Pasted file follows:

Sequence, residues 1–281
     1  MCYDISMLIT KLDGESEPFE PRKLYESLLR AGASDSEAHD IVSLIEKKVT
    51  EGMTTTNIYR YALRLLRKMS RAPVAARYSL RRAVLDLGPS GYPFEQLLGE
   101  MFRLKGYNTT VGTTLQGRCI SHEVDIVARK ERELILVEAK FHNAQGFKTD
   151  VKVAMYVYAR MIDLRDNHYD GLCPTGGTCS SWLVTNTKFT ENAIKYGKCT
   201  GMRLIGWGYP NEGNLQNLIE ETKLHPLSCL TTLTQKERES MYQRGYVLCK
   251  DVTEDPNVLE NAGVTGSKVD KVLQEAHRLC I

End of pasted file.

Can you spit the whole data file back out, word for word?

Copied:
Sequence, residues 1–281
     1  MCYDISMLIT KLDGESEPFE PRKLYESLLR AGASDSEAHD IVSLIEKKVT
    51  EGMTTTNIYR YALRLLRKMS RAPVAARYSL RRAVLDLGPS GYPFEQLLGE
   101  MFRLKGYNTT VGTTLQGRCI SHEVDIVARK ERELILVEAK FHNAQGFKTD
   151  VKVAMYVYAR MIDLRDNHYD GLCPTGGTCS SWLVTNTKFT ENAIKYGKCT
   201  GMRLIGWGYP NEGNLQNLIE ETKLHPLSCL TTLTQKERES MYQRGYVLCK
   251  DVTEDPNVLE NAGVTGSKVD KVLQEAHRLC I